Sydney Harbour Sunrise
Beep, Beep, Beep, Beep… The alarm goes off… It is 3 AM. Rush through the shower, shave and get dressed before grabbing my backpack and heading out. Good thing I packed last night while watching the last day of the Olympics until about midnight. The road is fairly quiet and an easy 17 minute cruise to the train station. The carpark is pretty much empty and I get a spot right at the entrance. A brisk walk and I make it to the 4:05 train to the city. I set my alarm again. 5:25, wrap my arms around my backpack and lean against the window. Last night’s marathon sure has me tired. It is uncomfortable, and I can’t really sleep. Approaching Circular Quay, I wake from my derailed sleep attempt and turn off the alarm before it goes. Arriving at the International Passenger Terminal, I find the docks is closed off. Note to self: When you plan to shoot at the harbour, check the shipping schedule as well.
Walking past the terminal I meet up with Canon Ambassador, Emma Desira and about 20 other photographers that came out to shoot the sunrise with the #canoncollective. She is very helpful and explains a few things and techniques to some of the photographers while others find themselves a vantage point and start shooting.
The light show has started and I flick the VC off and capture my first bracket set at F5.6. I review the exposures, flick off the AF and adjust it manually, do a few calculations, flip to bulb mode and F16 to smooth out the water, plug in the remote trigger and capture for a count of about 50. Review again, not too bad, a little bit over exposed. Go back to bracketing to fix my first out of focus set mess-up.
It is about 6 AM and occasional joggers are starting to cause blur in my shots due to the wooden structures we are shooting from. This messes up more sets. Time to move. Trying to get a few compositional elements in the foreground but there are photographers EVERYWHERE. What the heck, they will become part of my images, this is intended as practice. I’ll come back on a different day when there aren’t 20 other photographers around. Something does not quite work as it should with my exposures. Oh! My ISO is still set to auto and I rectify it by locking in 100. Clearly I’m still asleep, or just not paying attention.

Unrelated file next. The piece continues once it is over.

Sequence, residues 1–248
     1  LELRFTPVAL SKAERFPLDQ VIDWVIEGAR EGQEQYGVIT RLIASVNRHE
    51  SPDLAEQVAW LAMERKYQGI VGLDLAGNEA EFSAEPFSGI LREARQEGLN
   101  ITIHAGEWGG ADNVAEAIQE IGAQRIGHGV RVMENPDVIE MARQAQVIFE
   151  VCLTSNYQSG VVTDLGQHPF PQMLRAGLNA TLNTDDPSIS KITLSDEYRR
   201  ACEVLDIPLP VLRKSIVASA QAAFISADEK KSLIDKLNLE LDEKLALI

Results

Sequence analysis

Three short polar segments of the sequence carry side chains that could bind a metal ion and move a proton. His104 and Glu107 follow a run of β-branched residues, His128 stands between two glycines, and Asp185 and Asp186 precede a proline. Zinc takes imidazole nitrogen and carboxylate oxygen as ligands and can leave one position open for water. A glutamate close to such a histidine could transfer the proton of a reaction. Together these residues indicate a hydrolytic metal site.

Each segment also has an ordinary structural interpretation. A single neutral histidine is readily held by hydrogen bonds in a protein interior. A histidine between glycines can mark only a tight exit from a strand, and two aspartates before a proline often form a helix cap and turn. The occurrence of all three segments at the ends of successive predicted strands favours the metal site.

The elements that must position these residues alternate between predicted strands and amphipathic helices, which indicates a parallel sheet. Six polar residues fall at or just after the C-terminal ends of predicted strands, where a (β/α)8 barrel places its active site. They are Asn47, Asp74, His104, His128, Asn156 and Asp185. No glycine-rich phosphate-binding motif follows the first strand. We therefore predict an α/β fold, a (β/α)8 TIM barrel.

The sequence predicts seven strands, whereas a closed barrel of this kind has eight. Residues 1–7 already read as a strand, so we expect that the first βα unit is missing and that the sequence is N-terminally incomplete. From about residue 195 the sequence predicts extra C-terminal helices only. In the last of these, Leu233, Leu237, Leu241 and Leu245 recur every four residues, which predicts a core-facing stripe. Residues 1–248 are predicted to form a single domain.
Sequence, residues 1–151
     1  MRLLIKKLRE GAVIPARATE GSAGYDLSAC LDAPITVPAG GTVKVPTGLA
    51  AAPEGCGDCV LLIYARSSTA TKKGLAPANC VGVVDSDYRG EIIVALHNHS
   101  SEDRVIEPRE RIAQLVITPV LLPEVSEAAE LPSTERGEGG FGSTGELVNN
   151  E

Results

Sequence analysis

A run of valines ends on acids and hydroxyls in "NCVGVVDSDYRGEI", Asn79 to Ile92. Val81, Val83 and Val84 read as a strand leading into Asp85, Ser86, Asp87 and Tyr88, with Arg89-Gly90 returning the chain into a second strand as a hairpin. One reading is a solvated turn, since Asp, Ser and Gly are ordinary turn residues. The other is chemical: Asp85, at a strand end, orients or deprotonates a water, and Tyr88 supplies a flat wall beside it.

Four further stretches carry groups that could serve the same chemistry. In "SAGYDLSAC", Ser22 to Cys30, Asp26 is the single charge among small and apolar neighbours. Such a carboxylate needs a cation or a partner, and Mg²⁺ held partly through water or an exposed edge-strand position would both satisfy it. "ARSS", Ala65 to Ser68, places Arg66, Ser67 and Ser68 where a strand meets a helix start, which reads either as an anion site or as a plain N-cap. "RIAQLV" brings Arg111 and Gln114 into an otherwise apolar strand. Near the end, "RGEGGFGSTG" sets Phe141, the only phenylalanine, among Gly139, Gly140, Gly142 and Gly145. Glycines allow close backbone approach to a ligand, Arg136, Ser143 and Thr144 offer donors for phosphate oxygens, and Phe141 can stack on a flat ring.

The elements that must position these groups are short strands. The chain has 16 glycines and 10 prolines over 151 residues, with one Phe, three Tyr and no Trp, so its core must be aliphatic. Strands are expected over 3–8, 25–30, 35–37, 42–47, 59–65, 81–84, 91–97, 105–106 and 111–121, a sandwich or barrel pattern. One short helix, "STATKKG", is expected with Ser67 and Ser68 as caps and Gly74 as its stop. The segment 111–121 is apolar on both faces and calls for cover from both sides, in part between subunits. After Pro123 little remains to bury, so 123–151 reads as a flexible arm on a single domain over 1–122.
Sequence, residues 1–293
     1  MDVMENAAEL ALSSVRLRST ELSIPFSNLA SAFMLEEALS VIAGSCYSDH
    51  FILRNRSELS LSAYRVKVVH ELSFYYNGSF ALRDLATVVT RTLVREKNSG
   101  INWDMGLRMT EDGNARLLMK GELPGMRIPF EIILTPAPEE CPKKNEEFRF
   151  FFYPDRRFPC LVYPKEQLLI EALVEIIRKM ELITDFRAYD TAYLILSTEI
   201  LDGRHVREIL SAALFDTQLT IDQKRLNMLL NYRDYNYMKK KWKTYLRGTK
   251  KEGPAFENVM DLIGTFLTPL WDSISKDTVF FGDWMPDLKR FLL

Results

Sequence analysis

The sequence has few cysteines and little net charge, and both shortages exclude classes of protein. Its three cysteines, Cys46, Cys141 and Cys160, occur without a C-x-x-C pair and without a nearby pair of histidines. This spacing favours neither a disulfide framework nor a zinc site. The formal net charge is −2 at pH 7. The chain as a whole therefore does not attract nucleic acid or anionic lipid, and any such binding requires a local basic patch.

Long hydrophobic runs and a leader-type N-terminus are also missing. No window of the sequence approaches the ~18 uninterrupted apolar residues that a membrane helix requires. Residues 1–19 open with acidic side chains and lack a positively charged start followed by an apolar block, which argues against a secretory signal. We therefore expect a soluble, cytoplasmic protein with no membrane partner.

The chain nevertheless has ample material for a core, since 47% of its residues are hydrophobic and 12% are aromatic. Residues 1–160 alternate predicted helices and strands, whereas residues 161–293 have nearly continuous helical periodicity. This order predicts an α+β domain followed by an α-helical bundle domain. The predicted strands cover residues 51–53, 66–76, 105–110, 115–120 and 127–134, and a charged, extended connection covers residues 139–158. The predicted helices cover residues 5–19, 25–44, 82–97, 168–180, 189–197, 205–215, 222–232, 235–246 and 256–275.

Running through a few more sets with different compositions and the colours is starting to fade. Almost too bright already for long exposure so I try taking 20 or so short exposures of the same scene to try my hand at stacking them to combine the total exposure time. The sun breaks over the horizon and I take the last few shots before thanking Emma and chatting a bit as I pack away. Forget to exchange business cards.
Approaching 7 AM, and I find a coffee shop and breakfast on my way to work.
The next day, I remember Emma asked to see my best image of the day, so I quickly run an import on my laptop while sitting on the train. 220 images. Looking at the first set, yep, out of focus, delete. Still have about 30 minutes on the train, not quite enough to go through everything and choose the best image as I’d have to do various HDR stacks first. So I pick the first image I could find with not too much clipping that is not too blurred. Turns out it was that first bulb shot, it will have to do. Move a few sliders around to adjust the exposure and global look a bit. Much harder than I thought using the touch pad on a train that is moving about. That’s it, I’m not going to bother with filters or any dodging and burning. Approaching my stop, I hit the export button with a generic watermark and pop it into my dropbox folder. While changing trains I download the image to my phone and post onto Facebook and Instagram trying to tag Emma in the process. It looks a bit skew… Obviously forgot to correct the horizon and form factor crop. It is still 4:3 instead of 16:9 and won’t fit nicely on my PC or mobile screen. Laptop is 4:3 so I did not notice the difference as I do when working on my desktop. Rush jobs are never any good.
Here is that shot:
Lots of mistakes and a few lessons to learn from.
Total Time Spent: 5 hours and counting (1 hour 30 shooting, 30 minutes editing, 2 hours of travelling and 1 hour prepping gear and blogging). I expect to spend at least another 4 to 8 hours editing the rest and will post them below.
Images Created: 1 and counting.
Learned something new: Yes
Fun factor: 10
A few more shots: